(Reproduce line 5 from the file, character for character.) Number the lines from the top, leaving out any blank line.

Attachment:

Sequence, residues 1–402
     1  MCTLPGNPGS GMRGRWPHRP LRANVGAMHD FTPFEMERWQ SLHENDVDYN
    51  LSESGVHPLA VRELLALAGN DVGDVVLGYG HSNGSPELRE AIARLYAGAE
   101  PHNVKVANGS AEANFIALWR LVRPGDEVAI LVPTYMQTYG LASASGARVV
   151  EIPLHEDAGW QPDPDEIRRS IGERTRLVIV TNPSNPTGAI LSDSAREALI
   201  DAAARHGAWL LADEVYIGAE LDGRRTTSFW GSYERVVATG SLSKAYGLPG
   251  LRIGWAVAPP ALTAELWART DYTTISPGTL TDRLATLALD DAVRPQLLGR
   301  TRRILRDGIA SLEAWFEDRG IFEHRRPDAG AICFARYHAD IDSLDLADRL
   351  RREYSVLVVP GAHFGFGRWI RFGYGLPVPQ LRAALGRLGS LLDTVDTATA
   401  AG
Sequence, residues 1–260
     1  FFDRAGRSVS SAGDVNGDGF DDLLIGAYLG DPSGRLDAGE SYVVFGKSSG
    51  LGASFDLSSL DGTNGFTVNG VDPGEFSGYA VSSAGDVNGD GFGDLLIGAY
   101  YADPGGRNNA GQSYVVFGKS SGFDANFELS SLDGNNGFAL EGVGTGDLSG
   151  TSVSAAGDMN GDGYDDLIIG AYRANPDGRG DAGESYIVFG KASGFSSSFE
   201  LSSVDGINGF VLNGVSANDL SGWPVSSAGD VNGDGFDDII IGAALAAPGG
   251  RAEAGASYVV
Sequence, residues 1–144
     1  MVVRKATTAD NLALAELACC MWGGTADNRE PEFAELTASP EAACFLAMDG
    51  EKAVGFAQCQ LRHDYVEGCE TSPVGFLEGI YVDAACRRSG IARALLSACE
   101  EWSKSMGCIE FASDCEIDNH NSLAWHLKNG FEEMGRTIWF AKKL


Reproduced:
   151  EIPLHEDAGW QPDPDEIRRS IGERTRLVIV TNPSNPTGAI LSDSAREALI